The last thing Michael Doughty is searching for is sympathy. It's true, the League Two title winning celebrations were 'a bit strange' for Swindon Town in lockdown, but, as he says, 'there are bigger things going on in the world'.
Yes, it was 'pretty seismic', he admits, coping with the sudden death of his father in his teenage years and yet he realises others from less privileged backgrounds have lived through similar tragedies.
And, of course, while the step from the straw hats of elite public school at Harrow to the muck-and-nettles of lower-league football was something of a culture shock, playing professional sport is 'the best job in the world'.
Midfielder Michael Doughty helped Swindon claim the League Two title last season
Doughty, just to be clear, is not an archetypal footballer. He is the eldest son of former Nottingham Forest owner, multi-millionaire venture capitalist Nigel Doughty and, when not creating chances and scoring goals from midfield at Swindon, he runs a business producing 'the world's most sustainable trainers', made from natural materials and fully recyclable.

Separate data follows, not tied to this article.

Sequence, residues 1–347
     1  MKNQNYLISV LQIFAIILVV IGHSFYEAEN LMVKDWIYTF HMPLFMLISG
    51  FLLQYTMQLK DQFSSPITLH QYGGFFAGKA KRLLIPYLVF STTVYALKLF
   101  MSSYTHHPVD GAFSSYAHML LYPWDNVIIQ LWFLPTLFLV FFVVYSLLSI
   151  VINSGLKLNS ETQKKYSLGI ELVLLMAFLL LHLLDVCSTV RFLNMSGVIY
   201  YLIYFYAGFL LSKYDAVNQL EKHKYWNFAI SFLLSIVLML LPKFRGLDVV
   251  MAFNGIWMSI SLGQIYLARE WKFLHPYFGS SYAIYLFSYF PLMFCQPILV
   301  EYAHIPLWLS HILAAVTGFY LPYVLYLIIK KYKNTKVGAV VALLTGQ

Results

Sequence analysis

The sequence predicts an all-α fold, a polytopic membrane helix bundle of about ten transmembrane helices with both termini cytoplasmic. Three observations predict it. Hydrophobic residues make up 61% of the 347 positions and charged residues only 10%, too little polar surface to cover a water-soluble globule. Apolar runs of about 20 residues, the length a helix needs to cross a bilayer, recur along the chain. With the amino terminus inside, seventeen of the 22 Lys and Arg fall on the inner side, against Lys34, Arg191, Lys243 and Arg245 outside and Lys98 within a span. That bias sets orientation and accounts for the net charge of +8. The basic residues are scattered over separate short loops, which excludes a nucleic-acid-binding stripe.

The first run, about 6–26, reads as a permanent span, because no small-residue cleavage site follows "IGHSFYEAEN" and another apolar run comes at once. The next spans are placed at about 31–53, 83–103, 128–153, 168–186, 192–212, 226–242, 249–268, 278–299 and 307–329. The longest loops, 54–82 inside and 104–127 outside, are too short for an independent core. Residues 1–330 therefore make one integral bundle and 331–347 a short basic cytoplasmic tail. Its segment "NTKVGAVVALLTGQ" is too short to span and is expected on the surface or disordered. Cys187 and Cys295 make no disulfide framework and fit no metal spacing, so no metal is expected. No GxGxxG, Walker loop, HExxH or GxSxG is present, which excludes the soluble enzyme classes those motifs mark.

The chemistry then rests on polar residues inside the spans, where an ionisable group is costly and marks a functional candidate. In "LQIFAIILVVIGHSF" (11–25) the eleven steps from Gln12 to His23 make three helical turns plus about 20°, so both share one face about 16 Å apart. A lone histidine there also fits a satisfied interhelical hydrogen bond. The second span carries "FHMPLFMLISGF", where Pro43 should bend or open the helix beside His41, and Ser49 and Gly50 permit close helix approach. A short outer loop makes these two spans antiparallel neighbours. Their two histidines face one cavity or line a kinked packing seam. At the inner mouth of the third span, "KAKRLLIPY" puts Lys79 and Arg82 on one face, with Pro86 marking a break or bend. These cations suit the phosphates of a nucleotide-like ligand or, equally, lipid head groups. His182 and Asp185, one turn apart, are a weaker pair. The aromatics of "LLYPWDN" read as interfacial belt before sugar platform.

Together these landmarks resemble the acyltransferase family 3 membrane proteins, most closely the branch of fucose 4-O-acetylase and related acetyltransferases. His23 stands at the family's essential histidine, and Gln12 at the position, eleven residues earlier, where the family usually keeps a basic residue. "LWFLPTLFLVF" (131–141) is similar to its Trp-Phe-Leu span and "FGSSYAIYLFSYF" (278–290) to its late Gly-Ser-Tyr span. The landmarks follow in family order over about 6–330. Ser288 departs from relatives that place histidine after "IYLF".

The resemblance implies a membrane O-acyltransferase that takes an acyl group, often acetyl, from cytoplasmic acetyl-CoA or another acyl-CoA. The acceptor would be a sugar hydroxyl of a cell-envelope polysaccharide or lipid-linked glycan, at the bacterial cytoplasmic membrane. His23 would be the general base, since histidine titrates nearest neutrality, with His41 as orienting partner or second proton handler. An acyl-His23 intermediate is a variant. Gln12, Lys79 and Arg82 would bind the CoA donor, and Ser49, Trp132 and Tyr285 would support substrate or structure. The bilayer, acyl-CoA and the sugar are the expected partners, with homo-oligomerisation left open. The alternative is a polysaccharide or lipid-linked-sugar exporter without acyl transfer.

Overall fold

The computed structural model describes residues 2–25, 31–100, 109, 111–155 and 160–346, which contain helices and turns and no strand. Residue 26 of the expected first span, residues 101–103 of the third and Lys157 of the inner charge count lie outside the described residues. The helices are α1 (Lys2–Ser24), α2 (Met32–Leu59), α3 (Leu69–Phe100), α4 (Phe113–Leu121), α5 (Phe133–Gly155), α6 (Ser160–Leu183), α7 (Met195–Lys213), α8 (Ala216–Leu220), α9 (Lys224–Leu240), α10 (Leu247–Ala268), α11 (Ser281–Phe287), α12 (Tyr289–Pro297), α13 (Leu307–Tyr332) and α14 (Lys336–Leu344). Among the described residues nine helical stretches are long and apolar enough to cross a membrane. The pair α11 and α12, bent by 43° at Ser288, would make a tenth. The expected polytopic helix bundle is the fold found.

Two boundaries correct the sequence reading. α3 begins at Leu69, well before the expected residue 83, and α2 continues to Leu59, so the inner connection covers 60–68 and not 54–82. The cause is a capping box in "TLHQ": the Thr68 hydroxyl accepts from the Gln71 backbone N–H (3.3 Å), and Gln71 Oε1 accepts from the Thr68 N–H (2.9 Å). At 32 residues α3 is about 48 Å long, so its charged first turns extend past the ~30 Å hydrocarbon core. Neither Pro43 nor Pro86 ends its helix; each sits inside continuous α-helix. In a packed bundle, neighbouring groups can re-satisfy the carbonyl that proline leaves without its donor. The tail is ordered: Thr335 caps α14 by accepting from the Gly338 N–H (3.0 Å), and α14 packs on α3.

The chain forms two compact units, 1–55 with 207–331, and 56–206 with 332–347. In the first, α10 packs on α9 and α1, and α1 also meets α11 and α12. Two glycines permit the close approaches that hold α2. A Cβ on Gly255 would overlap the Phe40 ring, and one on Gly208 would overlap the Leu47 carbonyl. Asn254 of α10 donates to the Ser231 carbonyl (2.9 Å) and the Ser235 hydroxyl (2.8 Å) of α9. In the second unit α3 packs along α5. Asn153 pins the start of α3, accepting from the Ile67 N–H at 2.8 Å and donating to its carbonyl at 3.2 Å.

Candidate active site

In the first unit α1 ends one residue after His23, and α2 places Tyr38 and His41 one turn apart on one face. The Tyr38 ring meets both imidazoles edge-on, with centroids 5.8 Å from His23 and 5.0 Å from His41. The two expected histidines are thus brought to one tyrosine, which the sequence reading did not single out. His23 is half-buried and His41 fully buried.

'I had a great opportunity to go into a fantastic school environment,' says 27-year-old Doughty, who collected 14 grade As in his academic exams. 'Then it materialised I wasn't bad at football. It was unique being in the Harrow bubble and then in football's very different bubble.
'It's part of who I am, I don't hide that, and it's probably helped my career. You form good habits and discipline through the relentlessness of how the school operates and that's something I carried into my football career.
'We all know the odds are stacked against you making it in football. To make an appearance is one thing, to stay in the game is another.'
The 27-year-old is the eldest son of multi-millionaire venture capitalist Nigel Doughty
He developed in the youth ranks at Queens Park Rangers rather than join his father, who saved Forest from administration in 1999 and poured in more than £100million of his personal fortune before stepping down in 2011.
'Geographically it wasn't viable and we were both aware of the nepotism,' says Doughty. 'I didn't want to be there as the chairman's son and he didn't want that either. We were clear from the start we wanted some degree of separation, as much as I love Forest.
'They were a big part of my childhood. I went home and away for many years. I cried all the way home after watching them lose at Bramall Lane in a play-off semi-final when Des Walker scored an own goal.'